Iranian oil output will likely fall further from its lowest in three decades as the West tightens sanctions on the Islamic Republic, depriving Tehran of hard currency revenues, the International Energy Agency (IEA) said on Wednesday, Reuters reported.
The IEA, the West's energy agency, said in its monthly report that preliminary data suggested Iran's exports could have fallen below 1 million barrels per day (bpd) in January due to lower Chinese and South Korean purchases after a rebound in December to 1.56 million bpd.
January production was hovering below three decade lows at 2.65 million bpd, a decline of 50,000 from December, the IEA said.
The United States this month introduced new sanctions on Iran as part of a dispute over Tehran's nuclear programme.
The new sanctions effectively bar Iran from repatriating earnings from its oil exports, requiring customers to pay funds into an escrow account at a bank in the purchasing country and limiting Iran's use of the proceeds to buying goods in the countries where it exports its oil.
"For Iran, the latest expansion of sanctions is expected to further undermine government finances as its oil export earnings are now effectively locked in the buyers' countries," the IEA said.
It estimates that Iran lost over $40 billion in export revenues in 2012 or about $3.4 billion per month.
Iranian exports surprisingly hit a six-month high in December but the IEA said preliminary data for January suggested they could have fallen back to below 1 million as Chinese imports amounted to just over 200,000 bpd.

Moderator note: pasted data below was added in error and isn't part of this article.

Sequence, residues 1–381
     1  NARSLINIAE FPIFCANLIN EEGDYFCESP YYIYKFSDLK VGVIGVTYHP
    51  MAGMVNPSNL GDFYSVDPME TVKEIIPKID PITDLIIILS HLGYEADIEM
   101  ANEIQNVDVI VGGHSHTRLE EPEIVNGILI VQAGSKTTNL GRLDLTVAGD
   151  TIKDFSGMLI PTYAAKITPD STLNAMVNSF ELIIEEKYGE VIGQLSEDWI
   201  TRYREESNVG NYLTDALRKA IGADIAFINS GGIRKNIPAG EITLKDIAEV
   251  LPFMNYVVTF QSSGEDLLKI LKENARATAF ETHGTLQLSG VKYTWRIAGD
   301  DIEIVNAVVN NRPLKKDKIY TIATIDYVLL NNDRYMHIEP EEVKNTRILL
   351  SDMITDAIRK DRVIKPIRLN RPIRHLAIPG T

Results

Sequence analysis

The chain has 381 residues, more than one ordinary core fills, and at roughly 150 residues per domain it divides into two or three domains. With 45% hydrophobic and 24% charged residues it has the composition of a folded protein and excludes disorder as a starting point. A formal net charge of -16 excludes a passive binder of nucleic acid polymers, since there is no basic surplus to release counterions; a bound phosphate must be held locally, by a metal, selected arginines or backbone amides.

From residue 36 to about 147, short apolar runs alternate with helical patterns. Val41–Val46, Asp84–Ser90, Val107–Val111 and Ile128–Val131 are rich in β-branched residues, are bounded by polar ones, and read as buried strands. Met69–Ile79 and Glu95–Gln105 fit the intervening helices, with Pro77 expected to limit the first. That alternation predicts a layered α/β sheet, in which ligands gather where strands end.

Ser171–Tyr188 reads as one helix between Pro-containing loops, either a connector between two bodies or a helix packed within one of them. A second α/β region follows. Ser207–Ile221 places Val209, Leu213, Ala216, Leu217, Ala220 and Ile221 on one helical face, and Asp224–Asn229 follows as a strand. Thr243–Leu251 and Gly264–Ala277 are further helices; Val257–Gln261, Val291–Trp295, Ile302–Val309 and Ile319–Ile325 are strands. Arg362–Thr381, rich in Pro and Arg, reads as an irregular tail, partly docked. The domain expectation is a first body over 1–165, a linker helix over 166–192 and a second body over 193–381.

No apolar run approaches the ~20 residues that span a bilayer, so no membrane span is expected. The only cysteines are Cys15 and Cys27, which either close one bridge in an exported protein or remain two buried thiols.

South Korea also appears to have reduced imports from Iran in January to 130,000 bpd from 185,000 bpd in December, the IEA said.
It said, however, the low January estimate remained subject to revisions.
Iran and Western nations are due to hold a new round of talks over Tehran's disputed nuclear programme on February 26.
"Expectations, however, are low for a breakthrough in the more than decade long dispute. Indeed, it is unlikely that progress will be made before Iran's June presidential elections," the IEA said.
The IEA was the last of three major energy reports to release estimates this week after OPEC and the U.S. government increased their forecasts for world oil demand growth this year.
OPEC said demand will expand by 840,000 bpd this year, 80,000 bpd more than previously expected, while the U.S. Energy Information Administration raised its 2013 world oil demand growth forecast by 110,000 barrels per day to 1.05 million bpd.
By contrast, the IEA cut its 2013 demand growth forecast by 90,000 bpd to 840,000 bpd following the IMF trimming its global GDP growth forecast to 3.5 percent from 3.6 percent and citing weaker growth in the euro zone area and Latin America.
"Despite signs of improvement in China and the United States, weak macroeconomic conditions are forecast to keep global oil demand growth capped," it said, estimating global demand in 2013 at 90.7 million bpd.
Global supplies fell by 300,000 bpd in January to 90.8 million bpd with non OPEC production slipping by 190,000 bpd as North American production growth failed to offset a seasonal downturn in biofuels, production losses in Australia and unplanned outages in the North Sea.
For 2013, non OPEC production is projected to rise by 1 million bpd to 54.4 million bpd, 80,000 bpd above last month's estimate, due to higher output expectations from North America.
OPEC crude supply hit 12 month lows in January, off by 100,000 bpd to 30.34 million bpd as slightly higher output by Saudi Arabia and Kuwait failed to offset reduced volumes from Nigeria, the UAE, Iran, Libya and Qatar.
The IEA said for full year 2013, OPEC's crude supply was expected to fall by 100,000 bpd to an average 29.8 million bpd.
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